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Review: Dark At Dawn - Dark at Dawn
Dark At Dawn
Dark at Dawn

Label: AFM Records
Year released: 2006
Duration: 45:00
Tracks: 11
Genre: Power Metal

Rating: 4.5/5

Review online: March 4, 2008
Reviewed by: Larry Griffin
Readers Rating
Dark at Dawn

Rated 4.38/5 (87.69%) (13 Votes)

Do you like old Jag Panzer? Liege Lord? Accept? Running Wild? If you answered "yes" to any of those questions, then I would strongly advise upon picking up Dark at Dawn. This self-titled release was the most recent from resident German war machine Dark at Dawn, and also sadly their last. For those familiar with their crunchy, riff-tastic style of Power Metal, let me just assure you that little has changed, stylistically, from the excellent Of Decay and Desire in 2003. It's actually really frustrating to try and write a review for an album like this, since it's so simplistic and straightforward that there's not a whole I can say that wouldn't be a paraphrased version of "This rules, go get it!"

I think the songs here are a tad more simplistic than the ones on the last album, though, lacking most of the Savatage comparisons I mentioned in my review for that one, but just a tad. There's no huge decline in songwriting power, but this album is a lot more stomp-stomp and "Metal" without the overall classy songwriting finesse that Of Decay and Desire boasted. The focus is more on the guitars than the vocals here, and oh boy do the riffs on Dark at Dawn fucking slay. Seriously, if you're a connoisseur of Metal riffs, then give this album a spin and be in Heaven. The guitar tone is razor-sharp, like a buzzsaw slicing into your bowels, while Buddy Kohlrausch's deep bellow narrates the apocalypse all around your bloodied form. Perhaps all that is hyperbole, but if you want an album that will kick your ass without a second thought, THIS IS IT. I think this is the style Dark at Dawn were shooting for all along, and while I don't like it quite as much as the magical combination of musical elements present on the previous album, I can't deny the majesty of this one.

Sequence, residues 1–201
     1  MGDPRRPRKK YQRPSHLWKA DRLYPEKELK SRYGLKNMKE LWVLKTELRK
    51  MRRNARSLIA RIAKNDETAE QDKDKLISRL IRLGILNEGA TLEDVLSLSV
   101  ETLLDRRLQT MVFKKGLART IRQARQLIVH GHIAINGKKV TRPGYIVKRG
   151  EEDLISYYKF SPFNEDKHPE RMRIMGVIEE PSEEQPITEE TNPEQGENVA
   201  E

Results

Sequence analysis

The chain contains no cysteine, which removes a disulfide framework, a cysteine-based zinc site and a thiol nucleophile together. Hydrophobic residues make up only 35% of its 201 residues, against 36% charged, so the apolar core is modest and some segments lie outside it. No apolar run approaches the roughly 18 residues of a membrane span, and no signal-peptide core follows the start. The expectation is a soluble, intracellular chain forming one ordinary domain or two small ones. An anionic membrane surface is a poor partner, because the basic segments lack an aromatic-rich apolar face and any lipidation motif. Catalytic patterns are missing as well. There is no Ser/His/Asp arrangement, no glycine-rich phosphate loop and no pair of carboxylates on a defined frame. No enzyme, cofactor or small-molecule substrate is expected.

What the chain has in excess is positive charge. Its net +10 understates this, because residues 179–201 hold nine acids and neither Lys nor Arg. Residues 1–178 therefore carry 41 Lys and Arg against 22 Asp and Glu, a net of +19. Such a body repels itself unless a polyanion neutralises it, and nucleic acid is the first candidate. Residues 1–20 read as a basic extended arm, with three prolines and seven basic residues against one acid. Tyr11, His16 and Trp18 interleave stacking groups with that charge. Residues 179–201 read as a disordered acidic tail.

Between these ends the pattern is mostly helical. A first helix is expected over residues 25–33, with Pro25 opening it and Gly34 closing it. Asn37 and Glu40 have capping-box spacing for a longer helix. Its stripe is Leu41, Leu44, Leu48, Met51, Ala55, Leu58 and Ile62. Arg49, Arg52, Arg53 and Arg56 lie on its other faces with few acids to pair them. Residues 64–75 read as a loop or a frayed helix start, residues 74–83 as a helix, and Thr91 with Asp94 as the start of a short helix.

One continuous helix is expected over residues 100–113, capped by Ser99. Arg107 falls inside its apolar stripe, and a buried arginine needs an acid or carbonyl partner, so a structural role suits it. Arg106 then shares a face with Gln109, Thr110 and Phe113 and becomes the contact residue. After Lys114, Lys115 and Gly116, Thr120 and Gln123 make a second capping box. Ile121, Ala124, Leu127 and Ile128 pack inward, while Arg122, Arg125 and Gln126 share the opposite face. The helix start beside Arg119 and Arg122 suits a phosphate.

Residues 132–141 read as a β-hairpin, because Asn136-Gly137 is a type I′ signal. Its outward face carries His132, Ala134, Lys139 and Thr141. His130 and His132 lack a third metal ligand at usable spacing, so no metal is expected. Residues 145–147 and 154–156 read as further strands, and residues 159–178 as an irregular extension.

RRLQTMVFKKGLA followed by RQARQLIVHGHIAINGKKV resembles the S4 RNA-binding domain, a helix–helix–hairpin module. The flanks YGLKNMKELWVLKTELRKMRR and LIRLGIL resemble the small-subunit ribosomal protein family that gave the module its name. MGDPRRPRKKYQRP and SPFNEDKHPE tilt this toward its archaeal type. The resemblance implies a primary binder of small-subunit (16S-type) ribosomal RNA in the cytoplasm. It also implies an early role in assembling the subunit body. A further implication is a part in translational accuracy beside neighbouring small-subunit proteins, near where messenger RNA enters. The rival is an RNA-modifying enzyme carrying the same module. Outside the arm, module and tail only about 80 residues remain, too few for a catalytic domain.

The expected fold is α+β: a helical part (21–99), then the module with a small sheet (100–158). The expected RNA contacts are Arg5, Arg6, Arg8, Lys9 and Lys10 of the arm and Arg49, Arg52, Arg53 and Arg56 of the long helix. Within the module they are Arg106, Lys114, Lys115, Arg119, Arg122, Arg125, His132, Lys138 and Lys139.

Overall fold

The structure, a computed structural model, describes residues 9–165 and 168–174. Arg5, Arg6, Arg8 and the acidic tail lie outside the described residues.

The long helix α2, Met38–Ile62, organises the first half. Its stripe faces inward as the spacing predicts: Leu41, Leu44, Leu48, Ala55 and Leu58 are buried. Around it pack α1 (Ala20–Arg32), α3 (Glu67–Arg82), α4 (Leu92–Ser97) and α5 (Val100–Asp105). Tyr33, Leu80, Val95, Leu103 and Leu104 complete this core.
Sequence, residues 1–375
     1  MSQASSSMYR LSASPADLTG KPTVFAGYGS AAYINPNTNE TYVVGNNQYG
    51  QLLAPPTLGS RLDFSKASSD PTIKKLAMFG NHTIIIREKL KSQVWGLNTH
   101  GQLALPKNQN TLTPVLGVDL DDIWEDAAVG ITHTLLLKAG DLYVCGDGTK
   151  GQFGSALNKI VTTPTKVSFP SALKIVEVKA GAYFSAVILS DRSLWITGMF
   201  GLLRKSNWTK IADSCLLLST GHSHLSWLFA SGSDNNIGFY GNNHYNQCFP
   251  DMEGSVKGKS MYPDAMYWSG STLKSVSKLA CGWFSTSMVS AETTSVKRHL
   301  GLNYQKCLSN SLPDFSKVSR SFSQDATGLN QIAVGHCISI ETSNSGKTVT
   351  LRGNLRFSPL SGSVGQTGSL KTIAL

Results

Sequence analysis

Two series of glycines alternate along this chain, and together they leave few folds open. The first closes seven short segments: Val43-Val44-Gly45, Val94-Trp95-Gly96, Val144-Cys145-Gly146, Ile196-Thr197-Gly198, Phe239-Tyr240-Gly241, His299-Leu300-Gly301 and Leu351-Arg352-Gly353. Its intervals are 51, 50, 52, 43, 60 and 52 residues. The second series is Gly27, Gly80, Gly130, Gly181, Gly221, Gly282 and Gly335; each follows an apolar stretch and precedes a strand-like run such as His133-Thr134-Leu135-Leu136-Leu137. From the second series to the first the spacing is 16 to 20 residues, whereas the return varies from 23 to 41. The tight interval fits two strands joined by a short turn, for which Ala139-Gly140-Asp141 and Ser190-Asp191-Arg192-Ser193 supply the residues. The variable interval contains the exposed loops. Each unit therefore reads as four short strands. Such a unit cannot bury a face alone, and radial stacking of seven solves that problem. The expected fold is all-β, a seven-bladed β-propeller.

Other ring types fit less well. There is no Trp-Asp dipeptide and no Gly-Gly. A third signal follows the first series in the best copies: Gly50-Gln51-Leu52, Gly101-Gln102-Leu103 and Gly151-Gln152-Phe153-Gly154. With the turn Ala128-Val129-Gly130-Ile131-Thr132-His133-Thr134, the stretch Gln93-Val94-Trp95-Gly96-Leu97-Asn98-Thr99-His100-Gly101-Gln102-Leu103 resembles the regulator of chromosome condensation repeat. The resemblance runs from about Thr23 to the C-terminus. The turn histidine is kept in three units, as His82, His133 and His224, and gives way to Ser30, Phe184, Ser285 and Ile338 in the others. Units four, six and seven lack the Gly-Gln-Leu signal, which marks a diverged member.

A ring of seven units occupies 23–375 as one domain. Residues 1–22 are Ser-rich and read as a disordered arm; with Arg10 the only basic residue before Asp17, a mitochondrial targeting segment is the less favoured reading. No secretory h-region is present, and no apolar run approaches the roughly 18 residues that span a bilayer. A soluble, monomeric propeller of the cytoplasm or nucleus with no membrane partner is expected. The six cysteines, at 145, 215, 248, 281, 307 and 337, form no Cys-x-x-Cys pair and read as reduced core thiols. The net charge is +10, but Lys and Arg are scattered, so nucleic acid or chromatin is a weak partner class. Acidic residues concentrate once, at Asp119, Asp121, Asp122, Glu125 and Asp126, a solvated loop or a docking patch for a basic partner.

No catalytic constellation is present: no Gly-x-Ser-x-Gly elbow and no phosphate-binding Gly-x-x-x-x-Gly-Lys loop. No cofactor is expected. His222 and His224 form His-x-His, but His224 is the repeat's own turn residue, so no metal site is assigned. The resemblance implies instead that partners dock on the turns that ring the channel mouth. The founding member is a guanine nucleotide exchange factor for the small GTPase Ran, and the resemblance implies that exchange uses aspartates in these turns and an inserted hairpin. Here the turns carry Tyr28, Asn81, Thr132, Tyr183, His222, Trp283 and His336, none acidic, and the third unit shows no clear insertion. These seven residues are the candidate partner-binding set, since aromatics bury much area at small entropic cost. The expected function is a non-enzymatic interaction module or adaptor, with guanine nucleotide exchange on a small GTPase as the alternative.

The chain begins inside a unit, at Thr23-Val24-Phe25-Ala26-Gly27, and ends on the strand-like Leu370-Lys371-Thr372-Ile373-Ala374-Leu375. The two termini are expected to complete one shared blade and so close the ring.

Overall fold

I do have one minor complaint, though, and it's about the ballads here. Dark at Dawn have always written excellent ballads, as is shown on songs like "Dragon Tears," "Across the Oceans of Time" and "Rose of Tears." on previous albums, but the ones on this album fall flat. I'd say it's due to the slightly rawer guitar tone, but even then, I've heard bands who can write damn fine ballads with sharper and more coarse guitar tones than this one, so it's puzzling. Don't get me wrong, "Avalon" and "The Passage" are good songs, but lackluster when coming from a band that usually writes ballads of such high caliber. Disappointing.

For standout tracks, opener "The Alliance" is undeniably the best song Dark at Dawn ever wrote. It's barely even 3 minutes long, but it packs enough power to topple the Statue of Liberty, with a stomping, head-smashing main riff and a triumphant shout-along chorus which, unless you're a total poser, will get your head flailing and your fist in the air before you even realize what happened. "Crossbreed" and "Fearless" are two more head-stompers, and "Sons of the Sea" is a mini epic in its own right that is worth the time it takes to grow on you. Most of the rest of the songs here are great too, but like every Dark at Dawn album, there are a few fillers. I suppose no band can avoid that pitfall.

Overall, this is another very strong effort from Dark at Dawn, and it is probably their last (they're supposedly "on hold" right now). It's a damned shame when good bands like this fizzle out into nothing while joke bands like Metalium and Rhapsody continue to take the spotlight. Hell, though, better to stop making music after 4 quality albums than to keep going and eventually sell out or weaken in style. Farewell, Dark at Dawn.

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